My name is Fujioka Takuto and I am a "guitarist with a good posture".
Thank you for visiting!
It's getting colder and colder, and it's time to worry about dryness.
Today we are talking about moisturizing the fingerboard, not about posture.
First of all, moisturizing generally means to "maintain a constant humidity so that something does not dry out". I think the guitar and the human skin are the same in the sense that the surface is coated with oil to prevent moisture from evaporating.
There are various opinions and thoughts about the moisturizing problems of the guitar, both pros and cons.
Rosewood and ebony fretboards are basically unfinished and require maintenance.
Some people will think, "Does the fingerboard need to be moisturized in the first place?" But it depends on the storage conditions of the guitar, the environment in which it is used, and the condition of the wood. I think each person has their own thoughts on this, but I'm in the group who wants to moisturize the fingerboard with oil. The color and feel of the fingerboard is better if it is well moisturized.
I think that the problem that arises is choosing the oil. There are various products out there, and I didn't really understand the differences at first.
Keep in mind that even oils sold for guitars can damage your instrument if used incorrectly. I recently learned that well-known guitar makers such as Gibson and Martin do not recommend the use of orange or lemon oil to moisturize the fingerboard. Simply put, it's too strong to take away moisture from the fingerboard, or it's too detergent-like and melts the guitar's adhesive. There was a person who summarized this in detail on the blog below, so I will post a link.
In other words, I interpret this as "orange oil and lemon oil are also effective in removing stains on the fingerboard, but they also have an adverse effect, so be careful not to overuse them". When I was a beginner, I used to want to apply orange oil to the fingerboard for no apparent reason, but that didn't mean that the guitar would break immediately. However, from a long-term perspective of 10 years and 20 years, it may become the cause of damage.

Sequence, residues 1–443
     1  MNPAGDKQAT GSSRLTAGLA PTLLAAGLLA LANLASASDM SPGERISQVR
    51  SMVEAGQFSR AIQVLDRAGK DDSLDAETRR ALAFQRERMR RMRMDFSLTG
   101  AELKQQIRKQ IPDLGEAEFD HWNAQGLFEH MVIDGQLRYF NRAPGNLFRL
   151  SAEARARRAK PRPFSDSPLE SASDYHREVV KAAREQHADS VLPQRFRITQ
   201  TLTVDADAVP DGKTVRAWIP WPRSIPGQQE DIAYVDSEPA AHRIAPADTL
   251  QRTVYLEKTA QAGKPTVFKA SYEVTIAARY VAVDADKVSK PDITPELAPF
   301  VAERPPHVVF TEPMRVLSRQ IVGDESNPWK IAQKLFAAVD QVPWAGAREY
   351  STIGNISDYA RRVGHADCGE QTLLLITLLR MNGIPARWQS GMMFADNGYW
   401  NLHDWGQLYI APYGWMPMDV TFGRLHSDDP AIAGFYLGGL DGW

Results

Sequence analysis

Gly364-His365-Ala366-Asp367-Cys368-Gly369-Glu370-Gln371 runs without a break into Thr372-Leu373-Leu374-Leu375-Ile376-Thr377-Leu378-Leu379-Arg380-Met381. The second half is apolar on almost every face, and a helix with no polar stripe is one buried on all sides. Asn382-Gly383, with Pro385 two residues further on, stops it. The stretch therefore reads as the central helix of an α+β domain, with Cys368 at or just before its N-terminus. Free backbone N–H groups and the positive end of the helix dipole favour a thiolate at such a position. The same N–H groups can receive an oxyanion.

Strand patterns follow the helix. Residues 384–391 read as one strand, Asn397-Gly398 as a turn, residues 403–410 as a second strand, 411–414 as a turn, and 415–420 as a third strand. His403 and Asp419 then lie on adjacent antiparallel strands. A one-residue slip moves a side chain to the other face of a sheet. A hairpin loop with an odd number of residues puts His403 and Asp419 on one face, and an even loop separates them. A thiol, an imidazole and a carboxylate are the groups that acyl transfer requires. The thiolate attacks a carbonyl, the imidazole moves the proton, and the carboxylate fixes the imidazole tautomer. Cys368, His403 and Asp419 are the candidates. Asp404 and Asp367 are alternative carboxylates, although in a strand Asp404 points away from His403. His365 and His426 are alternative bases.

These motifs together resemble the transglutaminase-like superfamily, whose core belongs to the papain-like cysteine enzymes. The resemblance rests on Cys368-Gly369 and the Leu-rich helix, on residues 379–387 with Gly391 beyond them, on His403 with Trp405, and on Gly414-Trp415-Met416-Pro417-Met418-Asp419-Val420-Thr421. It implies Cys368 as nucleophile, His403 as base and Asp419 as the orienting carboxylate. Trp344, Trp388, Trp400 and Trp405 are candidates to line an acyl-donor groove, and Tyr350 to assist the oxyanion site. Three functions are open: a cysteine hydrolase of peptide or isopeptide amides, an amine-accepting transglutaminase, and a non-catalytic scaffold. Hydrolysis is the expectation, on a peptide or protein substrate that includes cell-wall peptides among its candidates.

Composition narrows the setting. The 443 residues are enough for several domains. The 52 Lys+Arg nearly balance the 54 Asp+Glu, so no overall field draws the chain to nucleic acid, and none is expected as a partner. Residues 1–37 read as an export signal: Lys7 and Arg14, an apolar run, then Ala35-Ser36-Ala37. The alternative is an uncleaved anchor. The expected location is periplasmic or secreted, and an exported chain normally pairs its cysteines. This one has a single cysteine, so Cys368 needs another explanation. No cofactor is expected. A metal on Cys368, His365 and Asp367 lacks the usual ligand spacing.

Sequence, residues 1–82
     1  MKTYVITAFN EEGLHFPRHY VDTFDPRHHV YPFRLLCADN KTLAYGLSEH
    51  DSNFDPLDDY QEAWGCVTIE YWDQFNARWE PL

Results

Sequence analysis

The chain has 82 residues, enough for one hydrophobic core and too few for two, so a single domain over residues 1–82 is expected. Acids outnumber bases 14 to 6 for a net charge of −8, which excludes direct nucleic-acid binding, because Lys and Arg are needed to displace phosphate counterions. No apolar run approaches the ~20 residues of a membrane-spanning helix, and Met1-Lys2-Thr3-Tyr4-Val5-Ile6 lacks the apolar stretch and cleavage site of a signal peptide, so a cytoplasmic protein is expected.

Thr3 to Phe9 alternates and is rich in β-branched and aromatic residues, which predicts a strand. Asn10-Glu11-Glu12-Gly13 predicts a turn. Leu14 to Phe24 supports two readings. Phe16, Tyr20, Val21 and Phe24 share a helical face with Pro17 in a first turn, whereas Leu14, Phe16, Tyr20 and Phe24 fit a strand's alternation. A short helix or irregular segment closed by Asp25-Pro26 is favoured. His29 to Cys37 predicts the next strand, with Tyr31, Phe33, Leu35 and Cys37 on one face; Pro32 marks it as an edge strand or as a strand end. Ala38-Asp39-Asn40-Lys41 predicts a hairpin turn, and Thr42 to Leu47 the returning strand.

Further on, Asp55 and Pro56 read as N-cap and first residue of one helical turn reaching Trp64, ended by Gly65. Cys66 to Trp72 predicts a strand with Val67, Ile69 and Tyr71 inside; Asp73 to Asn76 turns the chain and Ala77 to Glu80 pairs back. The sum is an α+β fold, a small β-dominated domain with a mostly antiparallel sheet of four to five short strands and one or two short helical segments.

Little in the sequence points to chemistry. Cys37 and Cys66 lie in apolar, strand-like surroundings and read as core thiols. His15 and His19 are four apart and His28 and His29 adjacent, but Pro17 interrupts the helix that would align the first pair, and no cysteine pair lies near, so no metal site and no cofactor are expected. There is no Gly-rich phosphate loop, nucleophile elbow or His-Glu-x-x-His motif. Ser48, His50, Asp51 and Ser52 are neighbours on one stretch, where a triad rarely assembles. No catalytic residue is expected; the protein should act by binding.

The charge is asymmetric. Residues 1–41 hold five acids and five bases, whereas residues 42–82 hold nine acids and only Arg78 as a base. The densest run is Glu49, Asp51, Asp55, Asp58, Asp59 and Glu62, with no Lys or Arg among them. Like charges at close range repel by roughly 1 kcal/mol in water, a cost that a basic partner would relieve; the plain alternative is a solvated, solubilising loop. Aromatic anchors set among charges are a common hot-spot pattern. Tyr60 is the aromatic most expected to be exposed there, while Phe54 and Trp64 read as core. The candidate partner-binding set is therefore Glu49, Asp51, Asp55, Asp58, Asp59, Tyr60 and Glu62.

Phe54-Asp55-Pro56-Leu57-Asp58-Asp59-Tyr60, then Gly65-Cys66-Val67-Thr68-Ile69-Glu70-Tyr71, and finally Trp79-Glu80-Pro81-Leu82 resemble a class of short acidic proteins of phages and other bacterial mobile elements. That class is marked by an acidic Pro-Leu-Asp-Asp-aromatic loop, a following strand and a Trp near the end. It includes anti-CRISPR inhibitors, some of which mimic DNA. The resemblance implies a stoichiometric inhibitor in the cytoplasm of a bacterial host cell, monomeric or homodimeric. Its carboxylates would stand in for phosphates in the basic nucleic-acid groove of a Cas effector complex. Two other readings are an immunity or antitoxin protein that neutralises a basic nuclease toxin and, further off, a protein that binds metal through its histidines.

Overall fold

So, if the only purpose is "moisturizing", I think it is best to use oil that specializes in moisturizing.
From here, I would like to briefly introduce what I have investigated about the types of oils.
If you want to know more details, please check out Google!
First of all, there are three types of oil: dry, non-drying, and semi-drying.
When it comes in contact with air, oil oxidizes and naturally dries to form a coating. Non-drying does not oxidize easily even when it comes in contact with air, and it seems to dry very slowly.
Regarding the intended use, it is said that dry oil is used for oil finish and non-drying oil is used for wood maintenance.
In other words, I came to the conclusion that it seems better to use non-drying oil for fingerboard maintenance and moisturizing.
After learning this, I've been using coconut oil to moisturize the fingerboard.
Coconut oil is a non-drying oil and is said to be the most resistant to oxidation, and it seems to have various effects such as moisturizing capabilities, antibacterial properties, and antioxidant effects. Since it is a non-drying oil, it may be sticky, but it is not that sticky, and if you wipe it off after it has penetrated the wood, there is almost no discomfort, and it is moisturized perfectly. (It even has a sweet scent peculiar to coconut.)
It may be a little confusing, but I just applied coconut oil to a rosewood fingerboard. The texture after finishing also leaves a good impression.
I also found out that TOTO guitarist Steve Lukather uses coconut oil to care for his guitar.
Coconut oil can also be used to moisturize the skin. Depending on the person, it may not be suitable, but it is considerably more effective than general moisturizing creams. I had dry skin that powder-like, but since I started moisturizing with coconut oil, I almost don't need to care about dryness anymore. It was a very good discovery for me, one who is a crazy person, that I can moisturize my guitar and skin with the same coconut oil.
In modern society, there are so many convenient products, that choosing between them becomes difficult. But in the end, it makes me wonder if natural or old things are good for me, for the guitar, and for the environment.
Of course this is not all there is to it. I would appreciate it if you could take it as an opinion and one way of thinking. m (_ _) m
See you soon!